Chào tất cả quý vị, chào mừng quý vị tới tham dự buổi lễ tối nay. Major General Michael Rocco, Commanding General of the Third Marine Aircraft Wing, Marine Security Guard Detachment of the U.S. Embassy in Hanoi, and all those here tonight who are proud to bear the title of United States Marine, Ladies and Gentlemen.
Chào mừng quý vị tới dự lễ kỷ niệm lần thứ 240 ngày thành lập Lực lượng Thủy quân Lục chiến Hoa Kỳ.
Clayton và tôi rất hân hạnh được có mặt tại đây tối nay với tất cả quý vị.
Năm nay kỷ niệm lần thứ hai mươi ngày thiết lập quan hệ ngoại giao giữa Hoa Kỳ và Việt Nam, vì vậy chúng ta đã có nhiều dịp gặp nhau và cùng chào mừng. Tối nay cũng không phải là ngoại lệ. Đây là giây phút đặc biệt tự hào đối với Hoa Kỳ, và cũng rất quan trọng đối với cá nhân tôi.
In 1996 I was a young diplomat here in Vietnam, sent to begin what President Clinton at that time called “a time to heal and time to build.” I am optimistic by nature, but I saw the large chasm that separated our two countries. There was very little economic trade, our people-to-people ties had been largely cut off, and the memories we had of each other were too often painful and tragic.
I remember working with the first U.S. Defense Attaché, Colonel Ed O’Dowd, as we tried to create the foundations for a military relationship. It was so difficult for excellent officers like Ed and his counterparts—people of good will – to have even the most basic of conversations. In short, our two governments knew little about each other, and trusted each other even less. So in 1997 I remember celebrating the first Marine Corps birthday ball in Hanoi, honoring the bravery of those who fought, mourning all those injured and lost, and reflecting on a war that had divided our two nations.
But, today, I see a relationship transformed. Our children are studying in each other’s schools by the tens of thousands, we enjoy nearly $40 billion in trade, our scientists are working together to combat infectious disease, and our militaries are deepening their partnership. Just two weeks ago, the Vietnam Naval Infantry met our U.S. Marine Corps for the first time, and they shared with each other their histories, traditions and cultures. Such a meeting, even a few years ago, would have been impossible.
This past April I traveled to Ho Chi Minh City, where I participated in a memorial ceremony to honor the last two Marines killed in action in Vietnam: Corporal Charles McMahon, Jr. and Lance Corporal Darwin L. Judge. During the solemn ceremony, I felt great pride, and hope, too. Pride because I had the privilege of standing side-by-side with the marines who had served with Corporal McMahon and Corporal Judge, marines who have spent the last 40 years honoring their comrades’ sacrifice. But hope, too, because I could look around and see the faces of the young Marines who had just returned to Ho Chi Minh City, and who now stand guard over our Consulate.
It also made me think about the idea of reconciliation. When Secretary of State John Kerry visited Hanoi last August, the same thing was on his mind when he said: “the big news today is that the United States and Vietnam have reconciled.”
So, how did we reconcile with each other and decide to move forward? What caused our two countries to re-think old ideas and decide to forge a new future? Strategists talk about shared national interests. Economists talk about shared free markets. And it’s all true. But I think it’s something even more fundamental – and something our two cultures share.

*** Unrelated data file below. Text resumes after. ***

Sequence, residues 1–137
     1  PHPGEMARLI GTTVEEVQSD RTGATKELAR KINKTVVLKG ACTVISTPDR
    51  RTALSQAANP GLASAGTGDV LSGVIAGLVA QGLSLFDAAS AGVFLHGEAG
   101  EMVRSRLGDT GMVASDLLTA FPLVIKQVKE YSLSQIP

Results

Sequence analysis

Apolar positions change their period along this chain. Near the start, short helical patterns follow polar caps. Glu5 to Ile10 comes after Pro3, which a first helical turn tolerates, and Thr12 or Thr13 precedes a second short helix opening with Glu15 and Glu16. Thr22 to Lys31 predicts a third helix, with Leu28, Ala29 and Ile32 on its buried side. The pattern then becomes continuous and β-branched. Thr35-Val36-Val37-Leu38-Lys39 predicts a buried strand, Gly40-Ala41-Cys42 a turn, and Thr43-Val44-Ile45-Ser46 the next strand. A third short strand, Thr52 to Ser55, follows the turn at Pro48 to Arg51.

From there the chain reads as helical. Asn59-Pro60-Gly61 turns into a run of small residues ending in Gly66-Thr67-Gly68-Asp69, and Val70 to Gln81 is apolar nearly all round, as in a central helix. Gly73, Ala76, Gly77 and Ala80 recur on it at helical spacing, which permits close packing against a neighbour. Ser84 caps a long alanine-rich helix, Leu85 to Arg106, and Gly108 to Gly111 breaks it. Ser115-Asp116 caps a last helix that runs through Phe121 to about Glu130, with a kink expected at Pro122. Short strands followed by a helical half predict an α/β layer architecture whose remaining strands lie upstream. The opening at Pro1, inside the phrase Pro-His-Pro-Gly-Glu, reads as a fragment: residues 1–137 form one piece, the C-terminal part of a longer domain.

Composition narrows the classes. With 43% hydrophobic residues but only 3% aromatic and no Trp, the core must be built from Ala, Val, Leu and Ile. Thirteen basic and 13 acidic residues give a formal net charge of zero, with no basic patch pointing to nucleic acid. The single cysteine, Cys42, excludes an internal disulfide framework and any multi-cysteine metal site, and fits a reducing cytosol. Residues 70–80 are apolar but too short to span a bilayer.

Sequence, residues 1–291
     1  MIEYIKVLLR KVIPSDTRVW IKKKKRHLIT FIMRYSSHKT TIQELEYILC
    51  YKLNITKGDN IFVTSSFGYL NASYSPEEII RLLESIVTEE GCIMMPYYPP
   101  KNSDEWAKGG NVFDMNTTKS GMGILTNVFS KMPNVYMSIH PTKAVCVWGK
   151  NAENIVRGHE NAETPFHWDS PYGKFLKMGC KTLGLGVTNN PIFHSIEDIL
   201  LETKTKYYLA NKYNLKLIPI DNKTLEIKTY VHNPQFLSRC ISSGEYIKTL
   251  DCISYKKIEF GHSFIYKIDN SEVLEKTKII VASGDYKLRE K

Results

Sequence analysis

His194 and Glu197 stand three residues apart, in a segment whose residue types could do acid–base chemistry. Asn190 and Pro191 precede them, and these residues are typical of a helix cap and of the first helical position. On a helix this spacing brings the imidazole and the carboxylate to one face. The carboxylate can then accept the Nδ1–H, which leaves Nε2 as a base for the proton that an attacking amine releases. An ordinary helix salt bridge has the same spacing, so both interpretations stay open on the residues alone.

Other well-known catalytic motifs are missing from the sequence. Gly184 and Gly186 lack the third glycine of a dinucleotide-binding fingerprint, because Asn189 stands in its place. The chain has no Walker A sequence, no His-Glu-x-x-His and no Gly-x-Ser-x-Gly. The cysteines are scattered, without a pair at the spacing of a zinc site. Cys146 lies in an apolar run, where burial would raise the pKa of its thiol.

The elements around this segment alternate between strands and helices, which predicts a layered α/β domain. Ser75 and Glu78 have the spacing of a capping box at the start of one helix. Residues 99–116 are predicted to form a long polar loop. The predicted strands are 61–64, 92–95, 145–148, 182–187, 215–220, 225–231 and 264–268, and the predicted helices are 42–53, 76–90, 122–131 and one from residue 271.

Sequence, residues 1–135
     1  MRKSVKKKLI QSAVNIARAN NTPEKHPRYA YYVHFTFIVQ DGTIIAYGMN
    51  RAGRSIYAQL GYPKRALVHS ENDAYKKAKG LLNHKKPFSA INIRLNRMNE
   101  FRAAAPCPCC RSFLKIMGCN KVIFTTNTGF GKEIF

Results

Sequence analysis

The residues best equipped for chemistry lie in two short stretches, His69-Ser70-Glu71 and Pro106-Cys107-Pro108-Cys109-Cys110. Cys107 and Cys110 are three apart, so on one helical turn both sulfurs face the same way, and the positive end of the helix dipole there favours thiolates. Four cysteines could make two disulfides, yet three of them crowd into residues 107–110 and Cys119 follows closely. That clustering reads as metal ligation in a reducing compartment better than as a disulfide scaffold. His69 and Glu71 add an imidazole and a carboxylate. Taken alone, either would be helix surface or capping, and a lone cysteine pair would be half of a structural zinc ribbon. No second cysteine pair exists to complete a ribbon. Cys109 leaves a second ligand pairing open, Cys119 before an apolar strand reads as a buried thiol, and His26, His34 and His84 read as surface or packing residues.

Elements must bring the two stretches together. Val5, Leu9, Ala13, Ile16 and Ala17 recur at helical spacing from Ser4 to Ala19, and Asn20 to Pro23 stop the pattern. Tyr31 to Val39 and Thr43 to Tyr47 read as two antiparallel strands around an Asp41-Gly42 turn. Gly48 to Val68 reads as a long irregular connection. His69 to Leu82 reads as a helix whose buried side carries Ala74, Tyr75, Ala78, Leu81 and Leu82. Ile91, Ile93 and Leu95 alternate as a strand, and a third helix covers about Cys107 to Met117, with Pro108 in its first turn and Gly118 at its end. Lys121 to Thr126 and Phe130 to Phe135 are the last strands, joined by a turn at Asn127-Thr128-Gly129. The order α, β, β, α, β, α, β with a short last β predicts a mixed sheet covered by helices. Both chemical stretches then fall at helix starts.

It’s about understanding the humanity in each other, and it’s about the importance of demonstrating respect in everything you do. Healing wasn’t easy. It was a painstaking process that required a lot of hard work, courage, and compromise – a process aided by the recognition of the humanity of the brothers, sisters, friends, and loved ones lost on both sides. This was something we commemorated that day in Ho Chi Minh City, and something Vietnam and the United States do every day when we assist each other in finding those still lost from the war. Reconciliation wasn’t done overnight, but over the past 20 years we have worked together to heal the past and build a new future. I would like to give you one example of this process.
A few months ago I traveled to Danang where the U.S Navy Hospital Ship, the USNS Mercy, had arrived to conduct humanitarian assistance and disaster relief care and training. During the last day, we conducted a disaster management drill with the Vietnamese authorities—practicing what to do should a natural disaster strike Vietnam, and how the U.S. Navy might assist in rescuing and treating injured Vietnamese citizens. As I stood on the deck of the Mercy, I heard the “whoop whoop whoop” of a helicopter’s blades turning. 40 years ago, that sound would have been just as distinct, but for very different reasons. Today, however, that sound signifies something profound: our two countries working together to respond jointly to a crisis, to save lives, and to care for the injured. Now, it’s the sound of peace and growing mutual trust, and it promises a brighter future for both our people.
General Rocco, your Marines here at Embassy Hanoi are a part of that mission, and I am so proud to join you in honoring them, and all those in the audience who are proud to call themselves Marines.
Happy 240th Birthday to the United States Marine Corps!